Now understand... My sister and i are really close. There is a four year age gap. In the 28 years she has been on this earth, we have only lived away from each other 5 years (2 yrs i was in iowa, 2yrs she was in AR w/o me and this past year w/ her in PA) and have lived under different roofs for approx. the same amount of time. Her moving away from me changed EVERYTHING! Similar to you, the day of her move, i found every household chore needing tended to (even some that didn't)
    and burried myself in it... Anyhing to keep myself from looking up to see her belongings were no longer in my house...
    She has come back to visit twice this year. Everytime she has left i have had issues getting back into my "normal" routine...but the major blows didnt hit until this holiday season. With her and I living in arkansas together without any other family in the state, naturally we were always the center of each others celebration. This year i was here without her...and it was, to say the least, an emotionally taxing time for me. Spent pretty much all thanksgiving in bed crying. Couldnt even answer her call that day. Sent her a text explaining how hearing her voice and her plans (that i wasnt a part of) would only make it worse.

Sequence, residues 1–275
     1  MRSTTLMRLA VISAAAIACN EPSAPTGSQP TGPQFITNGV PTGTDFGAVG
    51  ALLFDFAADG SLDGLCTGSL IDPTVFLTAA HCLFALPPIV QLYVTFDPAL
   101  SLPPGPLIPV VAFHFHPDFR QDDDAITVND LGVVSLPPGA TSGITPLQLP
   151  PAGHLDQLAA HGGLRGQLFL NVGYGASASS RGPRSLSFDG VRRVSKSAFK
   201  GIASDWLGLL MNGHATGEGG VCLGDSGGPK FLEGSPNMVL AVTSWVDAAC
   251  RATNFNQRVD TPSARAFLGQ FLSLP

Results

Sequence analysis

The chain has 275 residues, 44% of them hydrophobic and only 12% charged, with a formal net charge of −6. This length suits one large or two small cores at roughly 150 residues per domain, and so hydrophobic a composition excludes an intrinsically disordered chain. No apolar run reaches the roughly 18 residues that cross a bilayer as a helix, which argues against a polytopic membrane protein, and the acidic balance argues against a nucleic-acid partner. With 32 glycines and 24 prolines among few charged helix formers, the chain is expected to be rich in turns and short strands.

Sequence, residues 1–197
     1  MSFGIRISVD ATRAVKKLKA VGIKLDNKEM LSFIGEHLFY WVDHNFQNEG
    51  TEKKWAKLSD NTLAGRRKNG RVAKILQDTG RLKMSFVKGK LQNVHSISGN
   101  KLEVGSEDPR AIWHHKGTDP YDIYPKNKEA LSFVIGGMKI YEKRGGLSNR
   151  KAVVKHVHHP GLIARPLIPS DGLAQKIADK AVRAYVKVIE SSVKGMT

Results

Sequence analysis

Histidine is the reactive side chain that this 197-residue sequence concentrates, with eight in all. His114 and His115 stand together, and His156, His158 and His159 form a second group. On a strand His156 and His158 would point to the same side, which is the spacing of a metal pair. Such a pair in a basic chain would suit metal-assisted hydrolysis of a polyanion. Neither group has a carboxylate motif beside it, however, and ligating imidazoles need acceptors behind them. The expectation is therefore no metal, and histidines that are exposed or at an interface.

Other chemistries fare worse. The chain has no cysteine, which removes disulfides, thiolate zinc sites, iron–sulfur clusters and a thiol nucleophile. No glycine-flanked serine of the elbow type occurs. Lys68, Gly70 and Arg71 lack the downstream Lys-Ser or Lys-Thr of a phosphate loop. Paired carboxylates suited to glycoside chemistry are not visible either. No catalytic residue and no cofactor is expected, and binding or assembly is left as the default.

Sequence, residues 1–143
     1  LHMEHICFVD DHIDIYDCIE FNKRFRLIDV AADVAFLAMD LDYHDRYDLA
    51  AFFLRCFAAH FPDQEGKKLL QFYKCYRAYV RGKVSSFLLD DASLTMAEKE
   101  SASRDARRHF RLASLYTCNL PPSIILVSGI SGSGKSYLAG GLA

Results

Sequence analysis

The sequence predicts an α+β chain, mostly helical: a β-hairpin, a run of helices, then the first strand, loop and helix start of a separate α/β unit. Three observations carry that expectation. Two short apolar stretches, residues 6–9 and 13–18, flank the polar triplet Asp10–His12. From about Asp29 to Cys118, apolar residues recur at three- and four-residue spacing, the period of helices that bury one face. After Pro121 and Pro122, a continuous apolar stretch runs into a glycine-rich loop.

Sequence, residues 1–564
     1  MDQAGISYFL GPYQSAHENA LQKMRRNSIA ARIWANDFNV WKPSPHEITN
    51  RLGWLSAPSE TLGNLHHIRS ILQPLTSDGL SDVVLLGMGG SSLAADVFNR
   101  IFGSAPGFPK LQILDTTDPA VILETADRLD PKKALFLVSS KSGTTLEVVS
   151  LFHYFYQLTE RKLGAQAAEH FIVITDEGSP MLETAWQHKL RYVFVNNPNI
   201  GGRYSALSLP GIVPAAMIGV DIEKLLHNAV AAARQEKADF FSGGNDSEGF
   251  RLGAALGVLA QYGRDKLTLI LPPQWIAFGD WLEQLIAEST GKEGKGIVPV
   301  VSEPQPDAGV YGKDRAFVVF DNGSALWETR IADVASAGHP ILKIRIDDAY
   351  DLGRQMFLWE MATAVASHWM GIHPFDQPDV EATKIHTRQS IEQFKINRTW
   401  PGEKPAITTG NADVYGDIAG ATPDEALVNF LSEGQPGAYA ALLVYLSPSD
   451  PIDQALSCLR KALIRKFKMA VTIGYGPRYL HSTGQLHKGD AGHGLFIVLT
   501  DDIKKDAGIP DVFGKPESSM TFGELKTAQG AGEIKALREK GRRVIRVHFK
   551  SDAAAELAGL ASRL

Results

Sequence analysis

i think a big part of my anxiety is due to our emotional bond...however, another active part is the fact that humans are creatures of habit and the only consistancy in life is change tself. She was one of my "spike" . I used her presence as my focal point. No matter how many spins and quick turns my life made, i could glance in her direction and feel the overwhelming dizziness fade...
    Nowadays, i try to find comfort in my own strength... And somehow find comfort in the fact that by her being in a "seperate" world from mine, she is influencing other people and theoretically her qualities may return to me in different shoes.

  3. Thanks for the comments ladies. I'm glad I finally saw these, I just wish I had seen them when you originally posted them. :/

    Steph,what a lovely way to look at things, and as a means to cope with the distance.

    Megan, I know I've said it before, but it bears repeating, you are so talented to take on the task of homeschooling 5 kids. I am in constant awe.